Kawartha health unit ‘ready to go’ when region receives COVID-19 vaccine

Vaccine should be distributed to long-term care homes in Kawartha Lakes, Northumberland, and Haliburton in early February

The Pfizer-BioNTech COVID-19 vaccine. (Stock photo)

The Haliburton, Kawartha Pine Ridge District (HKPR) Health Unit has completed a COVID-19 vaccine program and plans to submit it to Ontario’s health ministry later this week.

“We are ready to go as soon as we’ve got a vaccine available, with a focus on the residents, staff, and essential caregivers in long-term care,” the acting medical officer of health, Dr. Ian Gemmill, said during a virtual media briefing on Wednesday (January 20).

According to Dr. Gemmill, the program is based on the health unit’s past immunization plan. However, they have spent the last few weeks reviewing and revising it to be more specific to COVID-19.

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“It’s based on our previous experience of mass immunization, and the experience of others who have been running mass immunization in high-instance areas, who have already worked with coronavirus,” he said.

The program includes a plan for vaccine distribution to long-term care homes and high-risk retirement homes — the health unit’s priority when they receive the vaccine supply expected in early February. Healthcare workers will also be offered the vaccine as it becomes available.

“The next in line after long-term care homes, healthcare workers, and home-care patients will be other essential workers,” explained Dr. Gemmill. “People who have to work to keep our society going during this pandemic.”

The health unit will then distribute the vaccine to at-risk older adults, followed by all older adults, followed by the general population.

While Dr. Gemmill said he hopes to begin the HKPR area’s first phase of vaccine distribution in early February, this is subject to change as supplies change.

Retired general Rick Hillier, chair of Ontario’s vaccine distribution task force, announced yesterday there is a shortage of the Pfizer-BioNTech vaccine due to a production issue in Belgium, and there will be no shipments to Canada next week.

Currently, two vaccines have been approved for use in Canada: the Pfizer vaccine and the Moderna vaccine. Dr. Gemmill said the Moderna vaccine is “probable for this area given the shortage of the Pfizer.”

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“It’s too bad that we’re having these supply issues,” said Dr. Gemmill, “but what I’m asking people is to be patient because the commitment, I know, from all of our government, is that the vaccine will be in arms as quickly as we can get the vaccine in place. We are going to make sure that happens in this area.”

“We’ve been told that by March, we won’t have to be worrying about the supply,” he added.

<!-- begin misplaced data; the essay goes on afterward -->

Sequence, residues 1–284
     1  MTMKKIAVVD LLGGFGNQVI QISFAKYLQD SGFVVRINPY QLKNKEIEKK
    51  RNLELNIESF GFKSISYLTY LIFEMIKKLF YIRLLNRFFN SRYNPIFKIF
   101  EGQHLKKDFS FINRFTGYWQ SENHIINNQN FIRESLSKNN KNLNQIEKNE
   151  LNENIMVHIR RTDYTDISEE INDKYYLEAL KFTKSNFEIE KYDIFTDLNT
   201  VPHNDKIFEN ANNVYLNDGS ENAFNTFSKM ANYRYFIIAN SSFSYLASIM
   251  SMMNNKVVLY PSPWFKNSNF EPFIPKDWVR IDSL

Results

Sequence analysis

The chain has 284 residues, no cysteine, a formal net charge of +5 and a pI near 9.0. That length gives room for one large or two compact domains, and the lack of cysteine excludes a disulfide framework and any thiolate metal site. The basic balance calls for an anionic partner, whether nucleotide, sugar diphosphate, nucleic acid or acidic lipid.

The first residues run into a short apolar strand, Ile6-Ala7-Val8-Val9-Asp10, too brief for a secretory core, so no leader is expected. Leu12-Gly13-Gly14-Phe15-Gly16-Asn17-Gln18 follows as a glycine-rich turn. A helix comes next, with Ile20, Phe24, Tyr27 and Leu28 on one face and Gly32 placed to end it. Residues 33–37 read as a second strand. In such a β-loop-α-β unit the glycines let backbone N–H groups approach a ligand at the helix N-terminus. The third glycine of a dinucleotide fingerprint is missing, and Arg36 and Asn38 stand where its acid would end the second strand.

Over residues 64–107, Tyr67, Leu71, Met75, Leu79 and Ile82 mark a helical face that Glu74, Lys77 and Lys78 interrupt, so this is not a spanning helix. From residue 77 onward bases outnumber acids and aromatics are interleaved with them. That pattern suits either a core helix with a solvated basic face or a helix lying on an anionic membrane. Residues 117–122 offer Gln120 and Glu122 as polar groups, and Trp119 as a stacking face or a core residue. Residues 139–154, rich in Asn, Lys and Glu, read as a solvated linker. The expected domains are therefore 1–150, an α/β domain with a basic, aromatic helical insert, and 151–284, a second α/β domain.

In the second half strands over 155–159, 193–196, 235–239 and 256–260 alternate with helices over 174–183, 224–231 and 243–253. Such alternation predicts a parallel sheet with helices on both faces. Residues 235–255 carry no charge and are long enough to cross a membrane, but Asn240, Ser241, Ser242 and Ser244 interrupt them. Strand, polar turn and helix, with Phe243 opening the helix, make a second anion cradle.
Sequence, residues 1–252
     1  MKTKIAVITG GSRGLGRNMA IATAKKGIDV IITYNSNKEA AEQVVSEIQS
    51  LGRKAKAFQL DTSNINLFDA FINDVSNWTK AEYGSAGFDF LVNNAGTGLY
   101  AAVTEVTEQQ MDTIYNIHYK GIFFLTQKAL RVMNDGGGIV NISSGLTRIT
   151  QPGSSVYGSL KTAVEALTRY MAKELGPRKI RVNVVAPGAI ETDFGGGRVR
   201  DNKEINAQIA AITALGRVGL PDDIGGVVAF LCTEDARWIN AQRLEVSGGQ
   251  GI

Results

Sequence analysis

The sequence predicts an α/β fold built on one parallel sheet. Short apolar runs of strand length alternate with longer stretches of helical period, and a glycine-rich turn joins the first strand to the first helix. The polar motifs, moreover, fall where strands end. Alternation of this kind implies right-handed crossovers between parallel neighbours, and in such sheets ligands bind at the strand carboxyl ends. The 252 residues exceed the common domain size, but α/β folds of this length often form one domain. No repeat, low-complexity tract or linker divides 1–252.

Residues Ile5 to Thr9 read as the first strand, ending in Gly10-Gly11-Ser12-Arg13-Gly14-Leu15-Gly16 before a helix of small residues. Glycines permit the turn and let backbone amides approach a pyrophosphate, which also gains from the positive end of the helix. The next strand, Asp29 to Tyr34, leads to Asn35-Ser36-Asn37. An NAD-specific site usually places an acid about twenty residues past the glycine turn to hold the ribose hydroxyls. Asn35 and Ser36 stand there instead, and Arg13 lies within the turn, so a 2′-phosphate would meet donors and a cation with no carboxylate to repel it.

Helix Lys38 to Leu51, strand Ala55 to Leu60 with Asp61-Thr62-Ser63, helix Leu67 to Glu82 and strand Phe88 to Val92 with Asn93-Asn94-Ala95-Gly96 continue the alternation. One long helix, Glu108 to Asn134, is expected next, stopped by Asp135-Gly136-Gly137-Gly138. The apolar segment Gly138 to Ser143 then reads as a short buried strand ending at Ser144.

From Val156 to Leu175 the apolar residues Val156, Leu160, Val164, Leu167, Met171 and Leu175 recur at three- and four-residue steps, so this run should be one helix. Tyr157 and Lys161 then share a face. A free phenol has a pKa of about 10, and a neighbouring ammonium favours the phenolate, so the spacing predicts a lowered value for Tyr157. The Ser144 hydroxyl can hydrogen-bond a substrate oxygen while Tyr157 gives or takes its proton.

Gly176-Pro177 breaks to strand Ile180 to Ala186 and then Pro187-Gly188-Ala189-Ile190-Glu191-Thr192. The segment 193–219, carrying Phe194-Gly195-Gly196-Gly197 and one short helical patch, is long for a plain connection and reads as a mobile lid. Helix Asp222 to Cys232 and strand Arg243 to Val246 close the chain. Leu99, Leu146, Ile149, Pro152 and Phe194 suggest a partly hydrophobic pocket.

In the meantime, Dr. Gemmill assured the HKPR Health Unit is prepared to distribute the vaccine as soon as supply becomes available.

“We have a plan in place, and once the vaccine is ready to go, we are ready to go.”

Dr. Gemmill said the key principles in their completed immunization plan are efficiency, “once we get the vaccine to get it into arms as fast as possible,” and accessibility, “which means people don’t have to drive for hours to get their dose of vaccine.”

“Then we are also, of course, being guided by, and must adhere to, the priority list given by local direction,” he added. “But within that, we will be looking at local risk. If we don’t have enough vaccine for all the long-term care homes, we will be looking at the ones at the highest risk first.”

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There are many aspects involved in preparing to distribute a vaccine, according to Dr. Gemmill.

“We’re talking to healthcare providers, many who have offered to help us to immunize,” he said. “We’ve talked to municipalities about what venues we can use. For security, we’ve talked to our colleagues in the police force. We’ve been talking to our indigenous community at Alderville about how to design it for that community as well.”

As for vaccine distribution venues, Dr. Gemmill says the health unit is looking into large buildings such as arenas.

“We want to ensure we do this in a way that secures safety. So, for instance, people are not exposed to coronavirus as they’re waiting to get their vaccine.”

Dr. Gemmill said the health unit’s shift to vaccine planning is “a bright light.”

“One month ago, we had no vaccine. That meant that we couldn’t do anything. Restrictions in place can hold back the spread, but they can’t be in place forever and, therefore, we need the vaccine to protect the population so we can get back to normal.”

As of January 20th, there are 63 active cases of COVID-19 in the region served by the health unit, including 20 in the City of Kawartha Lakes, 39 in Northumberland County, and four in Haliburton County. There have been eight COVID-related deaths in the region so far this year, including four in Kawartha Lakes and four in Northumberland.